Next pest in the garden… Moles. ūüė°

Earlier this week on one of the rainy days, I made a quick check on the garden. Everything seemed okay until I noticed a raised ridge of dirt and gravel between two of the beds. After a further survey of the area, I found more tunnels leading out the back of the garden through the yard to the nearby utility box and then on to the neighbors yard and flower beds.¬†So far at least, it/they don’t seem to be actually damaging any of the vegetable plants but are starting to make a mess of the garden. A brief search online seems to indicate that they eat insects. Hopefully the repellent will encourage them to move on to another yard.

Small mole hill beside the raised bed

Small mole hill beside the raised bed

Disturbed soil along side of raised bed

Disturbed soil along side of raised bed

Another mole hill at a corner of a raised bed

Another mole hill at a corner of a raised bed

Mole repellent

Mole repellent

 

Intruder alert!

While checking on the garden tonight, I noticed some peculiar soil formations under the pole beans. On further inspection, it turned out something has been digging around the base of the plants.  As I continued to walk around the bed, I noticed a sizable hole under the cucumbers along with a number of tunnel tracks. Hmm, starting to look like something found a way in through the fence. Or more likely, under the door. So, far at least, no lasting damage has been done.

Weird digging patterns under the pole beans

Weird digging patterns under the pole beans

What could be hiding down this hole?

What could be hiding down this hole?

Soil pushed up from the tunnels being dug

Soil pushed up from the tunnels being dug

Tunnel excavation dumping ground.  Right in the middle of the lettuce.

Tunnel excavation dumping ground. Right in the middle of the lettuce.

So… what could it be? ¬†My money is on one of these guys…

 

Or maybe, that pile of soil in the lettuce is made by one of these…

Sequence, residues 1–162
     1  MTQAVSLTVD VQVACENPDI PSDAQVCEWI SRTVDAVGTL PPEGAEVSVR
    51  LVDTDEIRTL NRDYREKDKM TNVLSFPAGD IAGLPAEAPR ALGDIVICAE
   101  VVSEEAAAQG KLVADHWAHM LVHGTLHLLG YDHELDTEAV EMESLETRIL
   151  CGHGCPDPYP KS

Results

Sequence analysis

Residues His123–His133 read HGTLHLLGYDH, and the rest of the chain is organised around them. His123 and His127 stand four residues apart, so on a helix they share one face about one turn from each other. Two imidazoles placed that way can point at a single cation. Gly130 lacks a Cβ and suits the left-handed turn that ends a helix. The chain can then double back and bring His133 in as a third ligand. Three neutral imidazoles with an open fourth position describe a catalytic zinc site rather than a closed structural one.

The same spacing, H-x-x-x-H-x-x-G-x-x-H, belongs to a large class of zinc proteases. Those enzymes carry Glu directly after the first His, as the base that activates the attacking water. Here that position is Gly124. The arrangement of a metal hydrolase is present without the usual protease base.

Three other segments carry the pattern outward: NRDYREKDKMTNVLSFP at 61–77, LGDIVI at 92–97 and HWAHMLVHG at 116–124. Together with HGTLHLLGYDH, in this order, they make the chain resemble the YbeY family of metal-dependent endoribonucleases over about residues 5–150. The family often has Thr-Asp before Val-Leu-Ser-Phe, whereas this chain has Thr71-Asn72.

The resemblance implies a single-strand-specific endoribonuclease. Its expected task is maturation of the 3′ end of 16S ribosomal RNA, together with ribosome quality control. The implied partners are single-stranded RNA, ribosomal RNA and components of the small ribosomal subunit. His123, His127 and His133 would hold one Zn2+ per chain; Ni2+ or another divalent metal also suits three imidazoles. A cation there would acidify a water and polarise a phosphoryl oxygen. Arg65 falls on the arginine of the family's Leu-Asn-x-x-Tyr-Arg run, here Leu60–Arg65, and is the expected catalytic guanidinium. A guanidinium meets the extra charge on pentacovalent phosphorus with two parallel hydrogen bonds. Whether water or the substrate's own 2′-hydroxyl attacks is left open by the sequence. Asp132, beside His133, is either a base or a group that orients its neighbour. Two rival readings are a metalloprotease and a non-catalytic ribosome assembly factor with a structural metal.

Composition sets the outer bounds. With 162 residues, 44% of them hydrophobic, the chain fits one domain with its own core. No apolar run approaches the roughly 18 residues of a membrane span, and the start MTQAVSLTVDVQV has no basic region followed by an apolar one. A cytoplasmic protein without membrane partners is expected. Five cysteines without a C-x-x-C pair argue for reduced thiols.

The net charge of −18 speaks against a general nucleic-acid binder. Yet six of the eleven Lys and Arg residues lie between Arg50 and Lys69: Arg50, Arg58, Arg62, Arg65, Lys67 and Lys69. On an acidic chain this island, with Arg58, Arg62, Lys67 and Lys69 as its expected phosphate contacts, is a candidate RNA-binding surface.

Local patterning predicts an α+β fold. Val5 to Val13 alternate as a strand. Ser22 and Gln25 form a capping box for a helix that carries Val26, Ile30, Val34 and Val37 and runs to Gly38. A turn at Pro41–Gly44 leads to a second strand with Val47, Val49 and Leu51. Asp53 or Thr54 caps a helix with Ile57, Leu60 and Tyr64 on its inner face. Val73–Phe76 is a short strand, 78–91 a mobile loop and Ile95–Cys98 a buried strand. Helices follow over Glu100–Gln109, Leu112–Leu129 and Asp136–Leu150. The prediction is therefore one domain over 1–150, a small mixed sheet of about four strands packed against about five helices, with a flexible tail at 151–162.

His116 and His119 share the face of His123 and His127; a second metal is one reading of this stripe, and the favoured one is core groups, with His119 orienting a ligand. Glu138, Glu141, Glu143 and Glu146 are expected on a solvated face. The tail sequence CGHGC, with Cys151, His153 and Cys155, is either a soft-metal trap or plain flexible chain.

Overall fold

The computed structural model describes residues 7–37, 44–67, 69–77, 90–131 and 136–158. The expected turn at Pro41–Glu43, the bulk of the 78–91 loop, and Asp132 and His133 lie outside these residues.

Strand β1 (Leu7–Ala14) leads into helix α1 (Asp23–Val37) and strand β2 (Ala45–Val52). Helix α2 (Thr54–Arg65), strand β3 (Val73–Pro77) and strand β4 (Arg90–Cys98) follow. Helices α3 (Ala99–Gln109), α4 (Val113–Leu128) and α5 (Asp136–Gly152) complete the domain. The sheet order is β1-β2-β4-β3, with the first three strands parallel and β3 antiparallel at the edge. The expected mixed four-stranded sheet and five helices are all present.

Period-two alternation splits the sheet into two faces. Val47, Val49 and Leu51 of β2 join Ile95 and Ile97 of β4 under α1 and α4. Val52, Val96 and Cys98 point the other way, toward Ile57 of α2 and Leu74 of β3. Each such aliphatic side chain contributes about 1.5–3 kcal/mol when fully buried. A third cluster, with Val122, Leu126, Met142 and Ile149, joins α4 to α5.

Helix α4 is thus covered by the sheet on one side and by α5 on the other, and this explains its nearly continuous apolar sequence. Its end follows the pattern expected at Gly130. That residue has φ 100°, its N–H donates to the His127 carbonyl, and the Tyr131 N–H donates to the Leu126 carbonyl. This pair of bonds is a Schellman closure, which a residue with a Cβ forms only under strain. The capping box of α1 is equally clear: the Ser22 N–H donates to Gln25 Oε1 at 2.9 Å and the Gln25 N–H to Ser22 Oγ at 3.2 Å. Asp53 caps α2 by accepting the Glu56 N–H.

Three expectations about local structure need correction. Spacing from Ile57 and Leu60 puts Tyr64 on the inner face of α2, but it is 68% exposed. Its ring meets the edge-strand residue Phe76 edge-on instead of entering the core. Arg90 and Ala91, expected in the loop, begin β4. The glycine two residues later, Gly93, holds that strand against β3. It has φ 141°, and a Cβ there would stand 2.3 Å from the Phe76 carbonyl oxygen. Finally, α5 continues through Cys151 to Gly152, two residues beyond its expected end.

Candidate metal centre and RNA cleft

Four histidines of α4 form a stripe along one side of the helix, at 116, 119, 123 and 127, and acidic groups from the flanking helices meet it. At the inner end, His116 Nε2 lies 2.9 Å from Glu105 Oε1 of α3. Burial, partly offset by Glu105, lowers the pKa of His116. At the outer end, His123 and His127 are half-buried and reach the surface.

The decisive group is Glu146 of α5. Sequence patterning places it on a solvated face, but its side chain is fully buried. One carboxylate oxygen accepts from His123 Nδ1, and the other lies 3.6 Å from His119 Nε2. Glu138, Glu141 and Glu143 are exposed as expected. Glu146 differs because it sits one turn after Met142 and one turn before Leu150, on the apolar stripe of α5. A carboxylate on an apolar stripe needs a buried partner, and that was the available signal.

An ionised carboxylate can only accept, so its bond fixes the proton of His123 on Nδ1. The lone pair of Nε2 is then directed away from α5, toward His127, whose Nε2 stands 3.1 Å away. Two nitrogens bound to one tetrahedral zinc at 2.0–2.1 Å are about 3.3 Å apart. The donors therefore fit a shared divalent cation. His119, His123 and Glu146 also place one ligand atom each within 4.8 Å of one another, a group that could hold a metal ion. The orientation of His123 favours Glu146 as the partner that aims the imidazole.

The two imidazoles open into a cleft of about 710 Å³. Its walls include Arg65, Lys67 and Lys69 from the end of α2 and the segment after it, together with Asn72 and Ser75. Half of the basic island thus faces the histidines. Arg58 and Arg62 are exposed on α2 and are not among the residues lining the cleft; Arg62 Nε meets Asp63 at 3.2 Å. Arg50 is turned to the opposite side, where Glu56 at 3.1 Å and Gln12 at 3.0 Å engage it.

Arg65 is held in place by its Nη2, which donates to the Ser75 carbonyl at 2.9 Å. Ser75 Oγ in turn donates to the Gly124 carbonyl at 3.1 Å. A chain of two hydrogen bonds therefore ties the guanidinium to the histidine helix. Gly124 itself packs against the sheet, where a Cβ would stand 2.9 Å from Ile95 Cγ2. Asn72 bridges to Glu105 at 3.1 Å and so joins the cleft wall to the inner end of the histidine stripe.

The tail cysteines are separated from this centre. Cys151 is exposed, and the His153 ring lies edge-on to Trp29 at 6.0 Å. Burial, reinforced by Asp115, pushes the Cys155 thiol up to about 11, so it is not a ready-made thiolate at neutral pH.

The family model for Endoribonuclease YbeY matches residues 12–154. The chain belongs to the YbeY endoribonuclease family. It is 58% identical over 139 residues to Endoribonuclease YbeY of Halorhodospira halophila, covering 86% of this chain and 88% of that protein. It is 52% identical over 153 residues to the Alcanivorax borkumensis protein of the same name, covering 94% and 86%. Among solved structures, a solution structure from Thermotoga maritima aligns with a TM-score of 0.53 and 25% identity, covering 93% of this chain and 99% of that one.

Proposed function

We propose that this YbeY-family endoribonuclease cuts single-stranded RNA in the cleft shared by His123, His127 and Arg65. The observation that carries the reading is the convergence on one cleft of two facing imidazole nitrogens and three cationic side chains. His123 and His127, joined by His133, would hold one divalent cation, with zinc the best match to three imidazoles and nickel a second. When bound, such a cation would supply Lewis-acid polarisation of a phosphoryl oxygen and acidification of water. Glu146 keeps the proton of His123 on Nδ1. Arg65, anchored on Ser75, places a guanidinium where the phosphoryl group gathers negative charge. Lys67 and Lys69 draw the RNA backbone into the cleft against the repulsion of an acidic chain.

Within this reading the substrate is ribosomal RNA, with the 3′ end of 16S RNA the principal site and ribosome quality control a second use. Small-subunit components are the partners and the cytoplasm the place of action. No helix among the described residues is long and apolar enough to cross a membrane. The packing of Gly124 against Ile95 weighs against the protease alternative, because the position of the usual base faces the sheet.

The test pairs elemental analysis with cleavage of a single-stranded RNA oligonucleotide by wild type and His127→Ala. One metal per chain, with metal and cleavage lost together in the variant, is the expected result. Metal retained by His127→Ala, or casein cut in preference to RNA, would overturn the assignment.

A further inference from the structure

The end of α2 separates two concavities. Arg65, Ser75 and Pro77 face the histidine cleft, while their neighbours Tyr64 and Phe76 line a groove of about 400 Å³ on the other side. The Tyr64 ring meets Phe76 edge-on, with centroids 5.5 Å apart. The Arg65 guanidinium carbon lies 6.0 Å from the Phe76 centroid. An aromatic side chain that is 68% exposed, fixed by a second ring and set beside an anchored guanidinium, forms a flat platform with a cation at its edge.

A mole perhaps?

Independence Day Update

Today is one of those perfect July days. Blue sky dotted with puffy cumulus clouds, light breeze and temperatures in the mid 70s. I figured today would be a great day for a garden status update.

For starters, we get a update on the garden from a short distance away.  It is amazing how much the plants have grown in the last 3-4 weeks.  The warm temperatures and well timed rain have done wonders for getting the plants off to a great start.

Garden Jungle

Garden Jungle

Already overgrown

Already overgrown

In the picture above, we see the cucumbers climbing and covering the trellis with the green bean tower in the upper right.

Most of the tall plants are in the front of the garden this year

Most of the tall plants are in the front of the garden this year

Green beans are close

Green beans are close

The green beans are doing pretty well this year.  A small pest problem just starting with a few leaves being perforated, but sprinkled a bit of the Bt powder in the hopes it will ward off the pests.  Depending on what it is that is eating it, I may need to switch over to some insecticidal soap.  I am thinking the first green beans on the table will be later next week.  Hmm, better make sure I have some brown sugar and bacon on hand.

Bunches of baby cucumbers

Bunches of baby cucumbers

The cucumber plants have been producing more baby cucumbers than I could count. ¬†So, why haven’t you seen any pictures of all these wonderful cucumbers harvested? ¬†They never make it past the tiny baby cucumber stage. ¬†They turn brown, shrivel up and fall off shortly after the bloom falls off. ¬†Researching what is going on here is on my todo list. ¬†Could it be lack of pollinators? ¬†Perhaps there is a mineral deficiency in the garden? ¬†If I ever figure it out, I’ll be sure and post it.

Golden Egg Yellow Squash

Golden Egg Yellow Squash

Sort of the same issue with the cucumbers is also happening to the squash as well as zucchini. ¬†The plant is producing plenty of fruit, but it just does’t seem to mature into something harvestable. ¬†So far, I have only gotten one yellow squash from the four plants in the garden. ¬†I’d guess that the plants have produced close to 40 fruits, but they just can’t hang on.

Peter piper picked a peck of ... Well, you get the idea.

Peter piper picked a peck of … Well, you get the idea.

The pepper plants are all starting to produce some peppers now. ¬†Not exactly sure what I am going to do with all of them once they are ready to harvest, but I’ll either figure that out when the time comes or give them away to those who already have it figured out.

Baby Lima Bean

Baby Lima Bean

The Lima Bean plants are doing great this year and are full of blooms. ¬†A few have already turned into baby Lima bean pods. ¬†I’m hoping that this years harvest will be better than last years.

Zoomed in Zucchinis

Zoomed in Zucchinis